While doing my research for this paper, I found that most teachers or “soon-to-be” teachers aren’t all against using technology in the classroom, but that they don’t have the tools or haven’t learned how to implement technology into their lessons. I would have to agree that in my undergraduate studies I learned that technology was an integral part of the educational process, but my professors didn’t use technology themselves and didn’t teach us how to incorporate the technology in the lesson. I was shocked to find out that some research stated that teacher beliefs were the largest barrier for implementing technology. I don’t disagree that this could possibly be the case for older teachers, but if they were taught how to use the technology appropriately through professional development and training sessions, that they would change their minds and see the benefits of using technology to educate our students.
Though my paper only highlighted three specific pieces of technology to use in the math classroom, there are many other technology tools that could be implemented. I do believe that the entire class (in my case an 85 minute block) cannot be filled with technology rich activities. My issue with this use of technology every day and in every lesson is that our state assessments are still done the “old fashioned way” with paper and pencil. And that our students are still expected to sit at a desk with a calculator, pen, pencil and take an exam that lasts three hours. Though I understand that students can still learn the concepts and ideas through technology, the way the questions are asked on the exam are more challenging and needs to be practiced throughout the year leading up to the exam. I’m not saying I’m against the use of technology in the classroom, if that were the case I would be in this program. But my argument is that in order to get more teachers on board with this idea of technology in the classroom, I think the way in which we assess our students through state exams needs to change.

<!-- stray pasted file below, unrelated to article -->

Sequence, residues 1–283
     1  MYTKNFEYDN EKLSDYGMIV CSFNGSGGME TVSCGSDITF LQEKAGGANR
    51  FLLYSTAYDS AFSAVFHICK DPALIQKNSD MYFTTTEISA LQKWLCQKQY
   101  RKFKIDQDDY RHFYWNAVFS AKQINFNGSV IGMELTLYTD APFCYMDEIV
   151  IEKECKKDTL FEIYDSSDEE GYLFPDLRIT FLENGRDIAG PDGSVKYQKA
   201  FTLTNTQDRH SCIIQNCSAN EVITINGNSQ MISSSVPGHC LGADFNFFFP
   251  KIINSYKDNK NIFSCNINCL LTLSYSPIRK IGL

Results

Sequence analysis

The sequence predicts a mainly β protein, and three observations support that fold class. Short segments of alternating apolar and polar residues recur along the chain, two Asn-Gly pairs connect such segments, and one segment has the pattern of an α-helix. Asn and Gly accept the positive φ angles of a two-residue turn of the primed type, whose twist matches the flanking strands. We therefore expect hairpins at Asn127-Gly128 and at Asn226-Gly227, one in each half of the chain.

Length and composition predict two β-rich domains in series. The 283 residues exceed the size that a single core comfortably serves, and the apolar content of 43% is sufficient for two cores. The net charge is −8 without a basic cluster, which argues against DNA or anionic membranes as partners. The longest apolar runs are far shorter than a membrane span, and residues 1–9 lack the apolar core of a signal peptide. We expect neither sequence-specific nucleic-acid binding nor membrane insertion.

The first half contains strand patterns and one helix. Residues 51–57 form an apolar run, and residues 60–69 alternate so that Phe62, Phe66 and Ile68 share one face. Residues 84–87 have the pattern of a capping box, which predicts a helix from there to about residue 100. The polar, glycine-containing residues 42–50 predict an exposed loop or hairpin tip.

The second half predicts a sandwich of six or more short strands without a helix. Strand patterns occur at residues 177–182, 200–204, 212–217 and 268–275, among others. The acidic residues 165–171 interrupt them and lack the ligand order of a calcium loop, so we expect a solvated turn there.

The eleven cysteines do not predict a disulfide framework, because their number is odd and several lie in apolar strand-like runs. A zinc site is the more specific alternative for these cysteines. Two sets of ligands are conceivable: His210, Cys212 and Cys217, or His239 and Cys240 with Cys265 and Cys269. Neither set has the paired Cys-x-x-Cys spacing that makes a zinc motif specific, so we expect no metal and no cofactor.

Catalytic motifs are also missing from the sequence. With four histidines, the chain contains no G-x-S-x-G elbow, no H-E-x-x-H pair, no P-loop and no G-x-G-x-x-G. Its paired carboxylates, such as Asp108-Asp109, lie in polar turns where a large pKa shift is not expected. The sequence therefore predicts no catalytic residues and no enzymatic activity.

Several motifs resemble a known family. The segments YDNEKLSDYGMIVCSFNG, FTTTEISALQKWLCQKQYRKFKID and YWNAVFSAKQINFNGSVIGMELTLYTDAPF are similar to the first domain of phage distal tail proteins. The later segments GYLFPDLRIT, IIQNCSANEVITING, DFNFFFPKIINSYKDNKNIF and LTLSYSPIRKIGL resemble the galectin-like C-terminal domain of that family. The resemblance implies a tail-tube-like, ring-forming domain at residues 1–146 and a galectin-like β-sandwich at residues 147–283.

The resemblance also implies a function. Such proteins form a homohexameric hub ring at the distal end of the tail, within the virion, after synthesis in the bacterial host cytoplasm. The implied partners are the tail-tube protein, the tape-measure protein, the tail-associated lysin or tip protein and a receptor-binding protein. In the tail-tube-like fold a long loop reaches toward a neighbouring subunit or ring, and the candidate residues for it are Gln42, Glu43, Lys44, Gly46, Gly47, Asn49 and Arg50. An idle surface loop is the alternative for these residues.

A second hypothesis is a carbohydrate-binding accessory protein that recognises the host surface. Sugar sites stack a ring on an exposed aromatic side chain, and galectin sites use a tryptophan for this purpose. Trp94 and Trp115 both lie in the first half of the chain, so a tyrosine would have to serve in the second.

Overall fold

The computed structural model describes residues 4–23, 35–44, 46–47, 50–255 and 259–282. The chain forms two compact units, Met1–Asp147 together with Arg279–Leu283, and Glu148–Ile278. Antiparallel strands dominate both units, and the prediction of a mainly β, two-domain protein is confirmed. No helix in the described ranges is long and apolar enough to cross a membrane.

Research also showed that a barrier to implementing technology in the classroom was cost but that it wasn’t a large barrier. I think this is a bigger issue than most believe. I have shared my beliefs about this throughout this course, especially teaching in a city school. Many of my own students lack technology at home and cannot easily gain access to it like going to a relative’s house or going to the library. Technology is also limited within the schools and with minimal computers available, they are quickly booked and cannot be used every day by the same teachers. In an urban setting, teachers are lucky to have a Smart Board in their classroom as well. So another stance I take is that in order for technology to be used in classrooms regularly, technology needs to be readily available to all teachers and students. But like the research showed, just because the students have the technology doesn’t mean they will take advantage of it, but they need to at least have it offered.